RDP works across OVPN but can't Ping!
Thanks in advance for your help…
I have an Open VPN server running on pfSense. All the IPs below are /24. The router is running inside my private network, in this manner:
Internet Gateway (192.168.1.1)
External Host (192.168.1.122)
pfSense WAN (192.168.1.50)
pfSense VPN (192.168.29.1)
pfSense LAN (192.168.30.1)
Internal Host (192.168.30.101)
I can ping the Internet Gateway from the Internal Host across the pfSense box as well as reach the internet.
From the external host, I can connect to the Open VPN server on 192.168.29.1. The ex host is assigned the IP 192.168.29.6 and I can establish an RDP session to the internal host on the LAN. Great!
Once connected to the OVPN session, I can successfully ping both the OVPN server Virtual IP at 192.168.29.1 and the LAN interface at 192.168.30.1 from the external host, and vice versa from the internal host, e.g.:
10:57:23.041480 IP 192.168.30.101 > 192.168.29.1: ICMP echo request, id 1, seq 23, length 40
10:57:23.041487 IP 192.168.29.1 > 192.168.30.101: ICMP echo reply, id 1, seq 23, length 40
However, I cannot ping from the external host assigned IP 192.168.29.6 to the internal host 192.168.30.101, or vice versa, across the VPN! However the RDP session is working normally! i.e.:
10:57:25.636928 IP 192.168.29.6.50351 > 192.168.30.101.3389: tcp 37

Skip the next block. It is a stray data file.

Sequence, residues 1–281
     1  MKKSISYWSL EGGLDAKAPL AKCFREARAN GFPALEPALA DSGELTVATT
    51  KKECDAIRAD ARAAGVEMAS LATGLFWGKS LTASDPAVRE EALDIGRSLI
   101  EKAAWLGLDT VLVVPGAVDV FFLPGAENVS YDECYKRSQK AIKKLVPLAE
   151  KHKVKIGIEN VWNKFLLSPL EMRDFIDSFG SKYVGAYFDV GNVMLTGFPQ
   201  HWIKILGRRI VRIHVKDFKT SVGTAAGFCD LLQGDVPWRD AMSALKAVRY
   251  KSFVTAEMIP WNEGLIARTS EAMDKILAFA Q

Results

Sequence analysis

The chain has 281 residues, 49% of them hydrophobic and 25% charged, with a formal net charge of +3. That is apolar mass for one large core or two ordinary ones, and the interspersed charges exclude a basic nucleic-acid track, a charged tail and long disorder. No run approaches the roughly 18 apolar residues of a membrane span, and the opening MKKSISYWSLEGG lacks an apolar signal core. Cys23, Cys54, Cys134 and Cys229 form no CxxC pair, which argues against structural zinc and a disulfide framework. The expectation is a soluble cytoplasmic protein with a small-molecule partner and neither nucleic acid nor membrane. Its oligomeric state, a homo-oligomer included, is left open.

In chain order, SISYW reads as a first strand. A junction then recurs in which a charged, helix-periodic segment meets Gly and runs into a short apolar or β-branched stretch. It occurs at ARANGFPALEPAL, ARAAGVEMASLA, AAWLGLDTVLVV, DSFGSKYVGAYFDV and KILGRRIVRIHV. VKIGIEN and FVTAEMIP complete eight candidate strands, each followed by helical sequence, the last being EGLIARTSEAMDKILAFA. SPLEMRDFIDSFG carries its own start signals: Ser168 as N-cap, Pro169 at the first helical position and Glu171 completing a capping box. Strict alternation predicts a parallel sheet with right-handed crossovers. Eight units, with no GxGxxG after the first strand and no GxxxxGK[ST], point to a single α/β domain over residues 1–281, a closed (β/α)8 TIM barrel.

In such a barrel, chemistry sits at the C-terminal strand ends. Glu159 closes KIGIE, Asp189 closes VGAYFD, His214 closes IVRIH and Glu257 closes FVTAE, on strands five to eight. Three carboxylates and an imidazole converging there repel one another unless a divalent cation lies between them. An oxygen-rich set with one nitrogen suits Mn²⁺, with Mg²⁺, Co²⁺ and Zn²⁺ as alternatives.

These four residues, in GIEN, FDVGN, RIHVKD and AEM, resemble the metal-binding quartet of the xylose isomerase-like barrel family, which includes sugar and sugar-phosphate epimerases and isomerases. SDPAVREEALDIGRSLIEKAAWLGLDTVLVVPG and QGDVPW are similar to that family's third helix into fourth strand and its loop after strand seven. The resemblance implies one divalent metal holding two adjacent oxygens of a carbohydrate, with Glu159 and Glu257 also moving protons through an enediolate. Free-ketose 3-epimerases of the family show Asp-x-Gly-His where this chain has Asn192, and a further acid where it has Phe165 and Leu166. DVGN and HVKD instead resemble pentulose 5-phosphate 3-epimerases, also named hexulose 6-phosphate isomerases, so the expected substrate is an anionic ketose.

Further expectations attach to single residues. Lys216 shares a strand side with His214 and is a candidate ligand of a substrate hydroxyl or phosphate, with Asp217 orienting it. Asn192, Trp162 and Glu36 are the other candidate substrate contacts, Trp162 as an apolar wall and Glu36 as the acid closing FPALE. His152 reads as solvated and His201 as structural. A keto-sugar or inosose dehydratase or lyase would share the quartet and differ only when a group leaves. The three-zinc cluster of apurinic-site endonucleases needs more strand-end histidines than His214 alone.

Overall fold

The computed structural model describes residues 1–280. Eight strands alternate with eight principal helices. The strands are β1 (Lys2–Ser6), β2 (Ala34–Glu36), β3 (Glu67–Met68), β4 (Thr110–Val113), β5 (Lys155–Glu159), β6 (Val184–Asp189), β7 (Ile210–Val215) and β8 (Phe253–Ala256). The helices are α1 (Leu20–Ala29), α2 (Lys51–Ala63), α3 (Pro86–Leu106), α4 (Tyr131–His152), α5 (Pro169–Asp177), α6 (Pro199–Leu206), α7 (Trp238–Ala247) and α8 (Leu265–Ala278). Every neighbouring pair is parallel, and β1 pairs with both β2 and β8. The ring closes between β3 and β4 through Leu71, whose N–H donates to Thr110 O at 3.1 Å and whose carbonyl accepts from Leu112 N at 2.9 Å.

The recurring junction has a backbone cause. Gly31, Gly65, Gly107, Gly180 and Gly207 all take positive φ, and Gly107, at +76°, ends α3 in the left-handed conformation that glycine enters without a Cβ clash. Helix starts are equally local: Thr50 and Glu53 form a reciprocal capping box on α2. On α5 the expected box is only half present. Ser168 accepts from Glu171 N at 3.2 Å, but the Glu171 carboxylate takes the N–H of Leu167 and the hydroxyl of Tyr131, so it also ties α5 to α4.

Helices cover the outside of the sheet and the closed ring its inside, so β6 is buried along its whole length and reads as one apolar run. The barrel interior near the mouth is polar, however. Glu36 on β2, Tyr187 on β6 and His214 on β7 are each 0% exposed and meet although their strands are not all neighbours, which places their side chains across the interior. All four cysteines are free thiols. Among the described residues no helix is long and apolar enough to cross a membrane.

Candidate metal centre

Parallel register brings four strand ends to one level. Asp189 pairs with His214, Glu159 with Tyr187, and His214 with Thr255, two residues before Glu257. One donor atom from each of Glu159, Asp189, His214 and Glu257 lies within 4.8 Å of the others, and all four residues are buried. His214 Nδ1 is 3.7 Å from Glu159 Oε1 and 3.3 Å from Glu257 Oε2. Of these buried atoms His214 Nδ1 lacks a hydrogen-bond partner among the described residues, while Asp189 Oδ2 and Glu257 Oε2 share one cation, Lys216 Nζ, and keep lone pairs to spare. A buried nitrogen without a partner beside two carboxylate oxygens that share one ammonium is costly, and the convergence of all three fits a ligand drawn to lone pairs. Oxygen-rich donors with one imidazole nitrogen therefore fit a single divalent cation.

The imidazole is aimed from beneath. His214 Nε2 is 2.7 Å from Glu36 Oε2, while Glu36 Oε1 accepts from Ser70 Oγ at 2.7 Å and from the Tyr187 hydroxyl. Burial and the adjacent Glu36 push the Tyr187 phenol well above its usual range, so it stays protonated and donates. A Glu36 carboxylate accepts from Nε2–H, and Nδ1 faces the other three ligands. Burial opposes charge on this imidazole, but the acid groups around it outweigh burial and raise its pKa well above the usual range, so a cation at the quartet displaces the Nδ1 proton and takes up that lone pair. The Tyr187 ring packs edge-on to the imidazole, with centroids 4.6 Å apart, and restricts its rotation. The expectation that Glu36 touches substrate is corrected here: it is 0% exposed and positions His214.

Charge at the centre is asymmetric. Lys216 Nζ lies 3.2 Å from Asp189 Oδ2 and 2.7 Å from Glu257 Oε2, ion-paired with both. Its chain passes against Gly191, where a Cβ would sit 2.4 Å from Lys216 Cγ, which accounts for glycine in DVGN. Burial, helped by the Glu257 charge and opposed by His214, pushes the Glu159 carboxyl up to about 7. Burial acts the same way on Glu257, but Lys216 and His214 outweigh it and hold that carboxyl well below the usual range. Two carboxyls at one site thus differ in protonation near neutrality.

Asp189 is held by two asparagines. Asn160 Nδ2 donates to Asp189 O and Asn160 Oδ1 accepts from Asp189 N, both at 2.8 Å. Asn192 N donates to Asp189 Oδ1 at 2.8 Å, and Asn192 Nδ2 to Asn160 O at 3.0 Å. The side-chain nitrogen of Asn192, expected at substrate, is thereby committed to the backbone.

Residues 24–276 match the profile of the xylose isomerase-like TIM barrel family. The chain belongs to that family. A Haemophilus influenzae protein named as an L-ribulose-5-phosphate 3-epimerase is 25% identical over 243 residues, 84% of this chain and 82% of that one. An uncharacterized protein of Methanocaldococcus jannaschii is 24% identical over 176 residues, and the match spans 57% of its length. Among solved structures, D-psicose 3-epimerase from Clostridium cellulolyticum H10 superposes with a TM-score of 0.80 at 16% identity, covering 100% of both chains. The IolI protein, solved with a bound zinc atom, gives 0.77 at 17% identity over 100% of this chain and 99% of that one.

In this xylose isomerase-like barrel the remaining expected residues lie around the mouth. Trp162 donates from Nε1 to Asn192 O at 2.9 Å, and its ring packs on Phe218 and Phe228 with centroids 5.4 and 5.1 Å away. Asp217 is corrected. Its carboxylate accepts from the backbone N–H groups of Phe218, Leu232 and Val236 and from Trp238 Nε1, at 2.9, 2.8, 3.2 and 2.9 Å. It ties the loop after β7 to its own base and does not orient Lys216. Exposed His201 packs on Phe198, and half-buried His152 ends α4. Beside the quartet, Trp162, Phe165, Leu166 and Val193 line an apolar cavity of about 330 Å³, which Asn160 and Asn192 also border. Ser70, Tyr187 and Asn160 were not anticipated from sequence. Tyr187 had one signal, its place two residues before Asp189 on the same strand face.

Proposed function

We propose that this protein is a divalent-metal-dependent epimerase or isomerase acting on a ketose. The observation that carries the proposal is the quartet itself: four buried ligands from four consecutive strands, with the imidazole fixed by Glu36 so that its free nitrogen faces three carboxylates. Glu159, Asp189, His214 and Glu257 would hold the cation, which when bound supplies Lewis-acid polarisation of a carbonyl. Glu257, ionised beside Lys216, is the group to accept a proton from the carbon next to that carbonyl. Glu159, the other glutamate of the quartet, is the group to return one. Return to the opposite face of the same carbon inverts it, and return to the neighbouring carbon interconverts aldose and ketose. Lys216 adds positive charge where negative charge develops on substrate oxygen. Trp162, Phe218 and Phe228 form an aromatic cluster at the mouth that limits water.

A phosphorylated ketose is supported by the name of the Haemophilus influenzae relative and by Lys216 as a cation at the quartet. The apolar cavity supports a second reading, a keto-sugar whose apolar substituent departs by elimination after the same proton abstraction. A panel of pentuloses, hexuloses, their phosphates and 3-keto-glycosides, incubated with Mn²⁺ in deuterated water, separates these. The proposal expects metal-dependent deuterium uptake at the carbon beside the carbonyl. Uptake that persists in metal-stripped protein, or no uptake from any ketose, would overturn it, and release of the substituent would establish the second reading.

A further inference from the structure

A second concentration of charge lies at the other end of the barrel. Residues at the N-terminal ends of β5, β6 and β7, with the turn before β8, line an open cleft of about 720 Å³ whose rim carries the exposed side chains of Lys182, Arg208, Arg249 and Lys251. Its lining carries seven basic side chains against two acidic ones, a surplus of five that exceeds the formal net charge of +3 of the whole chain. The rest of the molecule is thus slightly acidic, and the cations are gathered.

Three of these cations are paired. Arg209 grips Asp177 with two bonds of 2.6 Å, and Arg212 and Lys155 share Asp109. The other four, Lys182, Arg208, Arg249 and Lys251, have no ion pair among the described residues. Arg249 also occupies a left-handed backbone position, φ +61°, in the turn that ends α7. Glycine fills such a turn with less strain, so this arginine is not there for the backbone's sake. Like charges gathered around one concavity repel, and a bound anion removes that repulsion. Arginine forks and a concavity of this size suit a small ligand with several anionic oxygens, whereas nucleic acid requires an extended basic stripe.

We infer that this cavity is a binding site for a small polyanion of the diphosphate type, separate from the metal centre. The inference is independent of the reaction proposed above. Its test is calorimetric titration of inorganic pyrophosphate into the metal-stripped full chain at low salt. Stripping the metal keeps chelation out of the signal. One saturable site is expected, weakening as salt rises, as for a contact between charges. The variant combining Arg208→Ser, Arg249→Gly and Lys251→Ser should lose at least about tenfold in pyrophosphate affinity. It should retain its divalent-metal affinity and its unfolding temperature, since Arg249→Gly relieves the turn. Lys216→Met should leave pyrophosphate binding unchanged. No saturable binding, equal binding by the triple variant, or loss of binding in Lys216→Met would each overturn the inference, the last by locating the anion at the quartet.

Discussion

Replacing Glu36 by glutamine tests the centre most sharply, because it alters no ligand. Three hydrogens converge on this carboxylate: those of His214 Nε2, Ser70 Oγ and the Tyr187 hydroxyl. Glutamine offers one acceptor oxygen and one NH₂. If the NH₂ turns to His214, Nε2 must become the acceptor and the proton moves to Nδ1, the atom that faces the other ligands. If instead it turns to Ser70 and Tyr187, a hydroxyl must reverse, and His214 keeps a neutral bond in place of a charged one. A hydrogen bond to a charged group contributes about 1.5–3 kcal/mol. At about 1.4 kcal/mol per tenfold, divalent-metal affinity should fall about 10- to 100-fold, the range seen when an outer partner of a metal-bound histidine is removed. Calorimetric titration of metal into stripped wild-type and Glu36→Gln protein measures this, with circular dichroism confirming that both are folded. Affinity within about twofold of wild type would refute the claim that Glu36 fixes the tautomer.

10:57:25.637726 IP 192.168.30.101.3389 > 192.168.29.6.50351: tcp 69
10:57:25.650870 IP 192.168.30.101 > 192.168.29.6: ICMP echo request, id 1, seq 24, length 40
(no ICMP reply)
Where am I falling over here? I think this should be something so simple but I just can't see it... Why does RDP work when ICMP falls over?
All the automatic NAT and firewall rules are present from the original Open VPN configuration.
Thank you so much for your help!
OMG stupid windows firewall!!! Nevermind, I'm sorry for the post. Hopefully someone else will gain some benefit from this HUGE oversight.
However I found that troubleshooting with the pfSense was great using the pfInfo page. Watching the ICMP packets counted moving in and out of each interface proved to me that the packets were indeed passed eventually into the LAN network but never left.
To rectify I added a rule to windows firewall allowing all inbound connections from 192.168.29.0/24 on the internal host, and similar on the external host.
Correct. Windows by default will deny ICMP echo replies from IP's outside of it's LAN subnet. You have to add an explicit rule to allow it. It's usually one of the first things I have people disable while troubleshooting.
Create Allow all policy for troubleshooting purpose. If ping works, create a policy which defined IPV4 ICMP to destination server